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It’s up to us now (2 Peter 1.5-11)

Be good! (1.5)

In Peter’s introductory words (1.1-4) he stressed God’s righteousness, grace and peace. Our faith and knowledge of God and Jesus Christ with all his “great and precious promises” come as a gift from him. Grace prevails rather than anything we may try to achieve. But now in 1.5-11 Peter underlines our response to God’s gracious working on our behalf. The connecting “And . . .but” at the beginning of 1.5 (Greek: kai . .  .de) joins our responsibility to God’s preceding work of grace, while at the same time it denotes something of a contrast.

So 1.5 exhorts us to “make every effort to add goodness in your faith”. That means that righteousness and generous kindness are to characterise our lives as God’s people.

Peter invents an amazing word for ‘add’! The key element in the word gives a sense of bringing such goodness close to us, but the verb has no less than three prefixes. The closeness of God’s nature of goodness comes alongside us (Greek para), moves into/unto us (Greek: eis) and is indeed in us (Greek: en). What a challenge to strive with all our energies to “participate in the divine nature” (1.3)! God’s nature is entirely ‘good’, morally pure and holy and we are to be ‘holy as he is holy’ (e.g. Leviticus 11.44/45, 19.2; 1 Peter 1.15/16).

Be better than good! (1.5-7)

Peter makes it clear what we are to strive for in our lives in addition to ‘goodness’- knowledge, self-control, patient endurance, godliness, brotherly love and finally the climax love. God’s fundamental goodness is the foundation, on which these further characteristics are built.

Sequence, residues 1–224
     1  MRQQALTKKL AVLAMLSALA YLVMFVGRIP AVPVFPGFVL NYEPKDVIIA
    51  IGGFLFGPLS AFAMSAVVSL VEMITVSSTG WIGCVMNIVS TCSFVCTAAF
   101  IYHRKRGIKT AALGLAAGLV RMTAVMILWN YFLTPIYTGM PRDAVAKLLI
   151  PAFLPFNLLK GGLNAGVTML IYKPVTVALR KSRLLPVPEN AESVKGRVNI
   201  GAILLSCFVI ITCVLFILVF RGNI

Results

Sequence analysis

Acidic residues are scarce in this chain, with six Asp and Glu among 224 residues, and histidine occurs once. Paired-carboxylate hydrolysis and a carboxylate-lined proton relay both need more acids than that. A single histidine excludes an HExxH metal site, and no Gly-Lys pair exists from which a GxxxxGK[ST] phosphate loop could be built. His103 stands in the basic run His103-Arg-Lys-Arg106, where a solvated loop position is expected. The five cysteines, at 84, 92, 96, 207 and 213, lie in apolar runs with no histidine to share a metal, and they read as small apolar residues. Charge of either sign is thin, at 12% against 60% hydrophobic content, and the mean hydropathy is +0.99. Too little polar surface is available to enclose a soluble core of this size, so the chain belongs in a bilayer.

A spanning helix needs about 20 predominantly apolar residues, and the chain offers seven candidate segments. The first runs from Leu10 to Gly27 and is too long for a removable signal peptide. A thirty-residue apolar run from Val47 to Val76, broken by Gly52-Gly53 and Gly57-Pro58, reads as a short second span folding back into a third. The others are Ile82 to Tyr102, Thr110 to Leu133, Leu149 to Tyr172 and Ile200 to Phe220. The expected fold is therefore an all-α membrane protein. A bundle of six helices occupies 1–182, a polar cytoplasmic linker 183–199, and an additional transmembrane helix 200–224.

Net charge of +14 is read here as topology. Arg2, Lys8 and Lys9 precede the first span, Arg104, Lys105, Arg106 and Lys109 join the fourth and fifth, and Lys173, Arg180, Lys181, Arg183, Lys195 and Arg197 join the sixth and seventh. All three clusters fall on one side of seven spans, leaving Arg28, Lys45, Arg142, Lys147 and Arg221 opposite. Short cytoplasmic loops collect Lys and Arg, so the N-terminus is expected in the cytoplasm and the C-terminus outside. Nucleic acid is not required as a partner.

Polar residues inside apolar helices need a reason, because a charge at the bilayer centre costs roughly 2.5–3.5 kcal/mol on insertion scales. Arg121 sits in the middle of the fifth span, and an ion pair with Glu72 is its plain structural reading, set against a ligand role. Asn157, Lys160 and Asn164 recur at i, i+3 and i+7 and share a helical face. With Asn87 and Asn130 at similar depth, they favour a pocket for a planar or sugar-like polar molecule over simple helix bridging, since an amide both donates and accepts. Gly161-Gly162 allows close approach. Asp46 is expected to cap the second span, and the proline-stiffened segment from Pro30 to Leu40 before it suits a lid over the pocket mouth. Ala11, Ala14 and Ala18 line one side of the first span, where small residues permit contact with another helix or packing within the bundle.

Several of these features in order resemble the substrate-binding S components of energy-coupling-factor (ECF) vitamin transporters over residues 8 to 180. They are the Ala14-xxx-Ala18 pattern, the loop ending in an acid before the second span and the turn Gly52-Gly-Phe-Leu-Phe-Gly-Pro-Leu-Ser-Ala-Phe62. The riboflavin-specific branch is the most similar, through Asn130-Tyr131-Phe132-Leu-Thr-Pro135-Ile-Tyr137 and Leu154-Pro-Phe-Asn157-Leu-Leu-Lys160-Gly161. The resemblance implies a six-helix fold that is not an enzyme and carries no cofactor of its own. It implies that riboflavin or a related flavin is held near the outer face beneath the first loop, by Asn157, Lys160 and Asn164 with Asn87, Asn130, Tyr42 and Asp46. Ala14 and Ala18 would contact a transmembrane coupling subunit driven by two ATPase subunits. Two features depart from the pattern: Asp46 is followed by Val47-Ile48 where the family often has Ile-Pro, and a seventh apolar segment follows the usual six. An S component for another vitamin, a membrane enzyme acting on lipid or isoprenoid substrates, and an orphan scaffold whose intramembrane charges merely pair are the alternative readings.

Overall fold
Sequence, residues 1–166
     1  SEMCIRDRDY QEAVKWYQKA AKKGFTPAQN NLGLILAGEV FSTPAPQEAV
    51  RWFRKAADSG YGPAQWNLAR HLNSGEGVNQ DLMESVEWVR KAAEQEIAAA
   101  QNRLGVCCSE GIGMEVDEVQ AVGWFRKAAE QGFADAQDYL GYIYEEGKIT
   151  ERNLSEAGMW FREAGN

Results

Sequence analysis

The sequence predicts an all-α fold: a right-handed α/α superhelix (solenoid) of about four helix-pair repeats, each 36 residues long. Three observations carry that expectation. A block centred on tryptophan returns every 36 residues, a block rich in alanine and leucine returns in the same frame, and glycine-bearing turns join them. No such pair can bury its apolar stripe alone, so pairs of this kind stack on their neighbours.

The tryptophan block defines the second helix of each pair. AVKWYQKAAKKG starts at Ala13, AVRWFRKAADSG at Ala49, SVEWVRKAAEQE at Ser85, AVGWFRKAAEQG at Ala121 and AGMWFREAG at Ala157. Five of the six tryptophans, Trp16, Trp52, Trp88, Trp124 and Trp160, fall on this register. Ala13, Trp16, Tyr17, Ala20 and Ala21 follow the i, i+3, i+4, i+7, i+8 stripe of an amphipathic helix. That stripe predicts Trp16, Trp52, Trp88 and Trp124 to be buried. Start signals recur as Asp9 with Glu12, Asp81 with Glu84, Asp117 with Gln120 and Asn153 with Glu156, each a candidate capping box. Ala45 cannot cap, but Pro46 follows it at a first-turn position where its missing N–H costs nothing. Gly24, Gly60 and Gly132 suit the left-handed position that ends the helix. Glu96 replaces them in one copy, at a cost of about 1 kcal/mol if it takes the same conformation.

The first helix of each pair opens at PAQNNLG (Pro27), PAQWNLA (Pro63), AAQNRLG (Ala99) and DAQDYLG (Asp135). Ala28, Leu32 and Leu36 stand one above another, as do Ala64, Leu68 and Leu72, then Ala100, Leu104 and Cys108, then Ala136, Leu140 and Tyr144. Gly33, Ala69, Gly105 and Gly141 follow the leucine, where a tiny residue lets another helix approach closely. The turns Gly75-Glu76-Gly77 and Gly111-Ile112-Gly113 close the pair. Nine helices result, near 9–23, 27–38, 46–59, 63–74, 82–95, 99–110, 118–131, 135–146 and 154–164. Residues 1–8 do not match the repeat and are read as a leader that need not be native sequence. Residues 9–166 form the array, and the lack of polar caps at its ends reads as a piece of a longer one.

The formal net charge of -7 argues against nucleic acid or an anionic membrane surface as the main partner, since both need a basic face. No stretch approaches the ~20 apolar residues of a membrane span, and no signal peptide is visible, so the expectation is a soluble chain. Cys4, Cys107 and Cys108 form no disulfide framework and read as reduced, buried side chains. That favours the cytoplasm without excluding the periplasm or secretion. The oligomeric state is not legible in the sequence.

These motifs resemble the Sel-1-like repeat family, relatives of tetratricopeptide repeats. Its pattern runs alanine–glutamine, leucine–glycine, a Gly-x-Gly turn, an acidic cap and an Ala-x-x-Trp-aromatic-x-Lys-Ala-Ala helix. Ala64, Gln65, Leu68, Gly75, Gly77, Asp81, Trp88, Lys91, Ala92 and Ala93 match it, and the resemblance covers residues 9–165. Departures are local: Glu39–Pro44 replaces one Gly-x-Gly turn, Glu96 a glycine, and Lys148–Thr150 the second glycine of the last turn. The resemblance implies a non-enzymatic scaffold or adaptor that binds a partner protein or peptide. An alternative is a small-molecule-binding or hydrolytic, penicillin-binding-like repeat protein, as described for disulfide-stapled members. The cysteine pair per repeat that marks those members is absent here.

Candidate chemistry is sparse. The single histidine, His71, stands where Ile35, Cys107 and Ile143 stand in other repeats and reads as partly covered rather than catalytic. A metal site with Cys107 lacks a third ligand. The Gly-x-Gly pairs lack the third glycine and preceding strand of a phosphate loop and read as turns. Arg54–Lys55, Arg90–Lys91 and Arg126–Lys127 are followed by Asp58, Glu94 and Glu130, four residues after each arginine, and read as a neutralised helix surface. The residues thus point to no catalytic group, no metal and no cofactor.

1. Knowledge. In today’s use of this word we think only of intellectual understanding, but in biblical usage the word has a bigger meaning. Just as in modern English we say that we know someone, so ‘knowledge’ in the Bible signifies relationship. Of course the brain should also come into play in our relationships (sadly that is not always the case!), but biblical knowledge involves the whole of our being. Indeed it is even used of the most intimate of relationships when a man ‘knows’ his wife. So we add to ‘goodness’ an in-depth knowledge of God and of each other.
  2. Self-control. Self-control implies such concentration on godly goodness that it inevitably excludes all that is second-rate or wrong. It allows no compromise with the common everyday standards of the world around us. Inevitably too self-control requires a determined effort of self-discipline which stands in contrast to our modern desire for easy-going freedom.
  3. Patient endurance. The word used here conveys this double sense of patience and endurance. The recipients of this letter were going through times of persecution and suffering. We too, if we share our faith openly, are likely sometimes to experience rejection which may be hurtful. And all of us will have to struggle with personal suffering through failure, mistreatment, sickness, bereavement or some other problem in life. As followers of Jesus who showed such patient endurance on the cross, we are called to renounce all bitterness and revenge. May we all exhibit true patience and endurance!
  4. Godliness. The same word was used in 1.3 (translated ‘goodness’) together with ‘grace’ as a key characteristic of God himself. Now we are urged to work such righteousness and generous kindness into our lives. Again we are reminded of the awesome words of 1.3 that we are to “participate in the divine nature”. We are called to become like God himself in lives that follow the Lord in holy righteousness and in loving kindness. What a goal for us, both as individual Christians and also corporately as the church of God!